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32 Cards in this Set

  • Front
  • Back
Breach of that Duty
Maj: Duty owed to only those that are foreseeable and in the zone of danger.
Min: Duty owed to all (Andrews)
SOC (Standard of Care)
Absent special relationship, SOC is one of reasonableness.
Reasonable and Prudent Person in the Same or Similar Circumstances.
Judged objectively.
SOC - Heightened SOC
People entrusted with a heightened SOC are liable for even slight negligence.
Landowners, professionals, and common carriers.
Def fails to conform to the SOC.
SOC is one of reasonableness OR heightened SOC.
Breach - Alternate Theories
1. Res Ipsa Loquitur
2. Negligence Per Se
3. Custom and Usage
Actual & Proximate
Actual Causation
"But for" causation.
The defendant is only liable if the injury would not have occurred but for his negligence.
Proximate Cause
Exits when the act and resulting injuries were a foreseeable result of defendant's conduct or defendant's conduct was a substantial factor in causing the injury.
Plaintiff must prove damages in the form of physical injury or property damage.
Economic harm alone is insufficient for a claim of negligence.
1. Contributory negligence.
2. Comparative negligence.
3. Assumption of risk.
Eggshell Plaintiff - Prox Cause
Per se foreseeable. A pre-existing medical condition that makes plaintiff more susceptible to injury
Contributory Negligence
Also discuss comparative negligence if contributory negligence applies.
Defamatory Statement
Injures a plaintiff's reputation, and tends to subject plaintiff to hatred, contempt, and ridicule or financial injury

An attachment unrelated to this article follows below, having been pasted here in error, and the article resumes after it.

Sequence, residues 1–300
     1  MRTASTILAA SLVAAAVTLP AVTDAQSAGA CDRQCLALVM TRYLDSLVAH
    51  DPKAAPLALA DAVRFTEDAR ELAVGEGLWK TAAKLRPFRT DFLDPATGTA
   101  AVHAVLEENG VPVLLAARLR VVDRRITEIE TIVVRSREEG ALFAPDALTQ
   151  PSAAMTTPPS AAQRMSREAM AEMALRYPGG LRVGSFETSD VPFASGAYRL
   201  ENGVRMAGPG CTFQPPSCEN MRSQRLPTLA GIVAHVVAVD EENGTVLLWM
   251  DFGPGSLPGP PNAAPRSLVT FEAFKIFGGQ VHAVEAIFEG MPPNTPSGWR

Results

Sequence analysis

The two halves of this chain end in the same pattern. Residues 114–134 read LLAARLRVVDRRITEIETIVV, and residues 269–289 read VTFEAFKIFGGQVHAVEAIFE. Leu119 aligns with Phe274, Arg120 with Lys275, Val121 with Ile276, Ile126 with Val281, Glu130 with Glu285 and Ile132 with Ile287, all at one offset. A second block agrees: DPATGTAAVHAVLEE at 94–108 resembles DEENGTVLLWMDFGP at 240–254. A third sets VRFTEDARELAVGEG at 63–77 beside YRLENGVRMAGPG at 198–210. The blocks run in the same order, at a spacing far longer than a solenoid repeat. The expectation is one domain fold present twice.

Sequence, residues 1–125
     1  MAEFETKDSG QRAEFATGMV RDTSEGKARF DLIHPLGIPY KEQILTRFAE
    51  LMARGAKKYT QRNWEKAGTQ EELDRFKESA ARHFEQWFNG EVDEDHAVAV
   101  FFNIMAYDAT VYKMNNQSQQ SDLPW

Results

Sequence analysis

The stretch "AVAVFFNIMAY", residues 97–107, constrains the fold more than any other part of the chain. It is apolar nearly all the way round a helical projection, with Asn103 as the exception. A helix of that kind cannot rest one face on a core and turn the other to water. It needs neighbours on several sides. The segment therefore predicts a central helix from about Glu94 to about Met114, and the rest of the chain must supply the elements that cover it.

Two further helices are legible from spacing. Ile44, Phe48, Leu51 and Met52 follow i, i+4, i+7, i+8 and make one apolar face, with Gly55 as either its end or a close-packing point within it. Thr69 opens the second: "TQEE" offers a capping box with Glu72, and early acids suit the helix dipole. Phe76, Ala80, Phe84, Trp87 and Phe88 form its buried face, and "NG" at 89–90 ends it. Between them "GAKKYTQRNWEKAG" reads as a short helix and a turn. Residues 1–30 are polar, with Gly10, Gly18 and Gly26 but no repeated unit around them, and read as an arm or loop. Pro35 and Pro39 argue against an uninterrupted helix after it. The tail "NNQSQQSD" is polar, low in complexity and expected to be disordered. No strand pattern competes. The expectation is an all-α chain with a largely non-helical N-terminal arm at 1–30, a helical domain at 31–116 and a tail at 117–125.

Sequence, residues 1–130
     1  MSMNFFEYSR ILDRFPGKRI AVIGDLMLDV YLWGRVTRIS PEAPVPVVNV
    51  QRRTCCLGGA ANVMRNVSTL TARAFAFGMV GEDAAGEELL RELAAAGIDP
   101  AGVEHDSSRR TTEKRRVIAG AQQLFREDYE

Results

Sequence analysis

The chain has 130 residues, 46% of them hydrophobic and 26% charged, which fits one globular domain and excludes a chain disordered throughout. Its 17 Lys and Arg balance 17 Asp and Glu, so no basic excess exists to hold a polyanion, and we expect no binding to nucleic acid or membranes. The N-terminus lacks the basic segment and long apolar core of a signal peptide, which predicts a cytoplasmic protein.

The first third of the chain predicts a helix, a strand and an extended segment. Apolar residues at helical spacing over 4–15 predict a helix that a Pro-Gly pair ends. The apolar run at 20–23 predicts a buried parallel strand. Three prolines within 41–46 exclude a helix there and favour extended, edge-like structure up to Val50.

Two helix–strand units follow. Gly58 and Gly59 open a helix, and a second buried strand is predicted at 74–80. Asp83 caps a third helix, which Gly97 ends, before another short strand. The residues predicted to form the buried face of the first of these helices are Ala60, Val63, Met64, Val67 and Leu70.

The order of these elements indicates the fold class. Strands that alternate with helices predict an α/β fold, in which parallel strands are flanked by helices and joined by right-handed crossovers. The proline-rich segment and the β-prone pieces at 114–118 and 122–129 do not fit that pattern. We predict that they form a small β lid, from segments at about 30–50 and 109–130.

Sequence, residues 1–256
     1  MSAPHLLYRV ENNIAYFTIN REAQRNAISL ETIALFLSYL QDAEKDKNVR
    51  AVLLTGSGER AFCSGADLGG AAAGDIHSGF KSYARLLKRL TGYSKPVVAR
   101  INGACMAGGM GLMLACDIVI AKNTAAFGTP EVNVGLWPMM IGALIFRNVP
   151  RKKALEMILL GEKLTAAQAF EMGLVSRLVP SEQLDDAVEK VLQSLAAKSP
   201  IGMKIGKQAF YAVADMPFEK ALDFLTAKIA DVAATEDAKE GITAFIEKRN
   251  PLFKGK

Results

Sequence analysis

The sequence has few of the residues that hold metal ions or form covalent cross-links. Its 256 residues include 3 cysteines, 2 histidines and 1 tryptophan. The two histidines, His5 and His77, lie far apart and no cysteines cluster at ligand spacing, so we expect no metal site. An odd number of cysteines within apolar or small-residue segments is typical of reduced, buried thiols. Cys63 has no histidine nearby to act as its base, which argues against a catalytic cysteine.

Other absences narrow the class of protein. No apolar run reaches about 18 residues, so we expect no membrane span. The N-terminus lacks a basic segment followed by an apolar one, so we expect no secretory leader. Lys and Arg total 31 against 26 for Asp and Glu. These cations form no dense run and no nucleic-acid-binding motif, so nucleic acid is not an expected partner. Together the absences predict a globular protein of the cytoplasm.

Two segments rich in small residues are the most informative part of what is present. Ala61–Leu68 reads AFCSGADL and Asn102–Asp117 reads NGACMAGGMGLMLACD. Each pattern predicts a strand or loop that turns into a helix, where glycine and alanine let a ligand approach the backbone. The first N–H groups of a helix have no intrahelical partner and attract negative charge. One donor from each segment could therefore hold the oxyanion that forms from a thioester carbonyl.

Defamation - Common Law
1. Defamatory statement
2. Of or concerning plaintiff
3. Publication
4. Damages
Of or concerning plaintiff
Must establish a reasonable recipient of the information would understand that the statement referred to plaintiff.
Consider COLLOQUIUM if plaintiff isn't explicitly named.
The statement be communicated to a 3p who understands the defamatory meaning and its application to plaintiff.
Type of damages depends on the type of defamation.
Defamation that is written.
General damages are presumed.

Plaintiff may offer actual evidence of damages.
Libel per se
Minority Jurisdictions:
Libel that is defamatory on its face.
Libel per quod
Minority Jurisdictions:
Libel that is not defamatory on its face.
Defamation that is spoken.
Plaintiff must prove damages unless the defamation is slander per se.
Slander per se
1. Adversely reflects one's conduct in business or profession;
2. Accuses one of having a loathsome disease;
3. Accuses one of a guilt involving crime of moral turpitude; or
4. Suggest a woman is unchaste.
Constitutional Defamation
When defamation involves a matter of public concern, the plaintiff must prove two additional elements:
1. Falsity; and
2. Fault
Matter of Public Concern
Is this a matter of public concern? This is usually debatable. Use all of the facts.
Is the defamatory statement false?
Is plaintiff a private or public figure?
Private: negligence must be shown.
Public: Malice must be shown.
KNOWLEDGE that the defamatory statement was false or RECKLESS DISREGARD as to the statement's truth.
Negligence (Defamation)
Discuss REASONABLENESS and CARELESSNESS on the part of defendant.
Also applies when the plaintiff is a public figure.
Defenses to Defamation
1. Truth (doesn't apply in const defamation - plaintiff has burden of proving falsity)
2. Absolute Privilege
3. Qualified Privilege
Defense to Defamation: Absolute Privilege
1. During judicial proceedings;
2. By legislators in debate;
3. By Federal executive officials;
4. In compelled broadcast; and
5. In between spouses.
Defense to Defamation: Qualified Privilege
1. Reports of official proceedings;
2. Statements in the interest of publisher;
3. Statements in the interest of the recipient; and
4. Statements in the common interest of the publisher and recipient.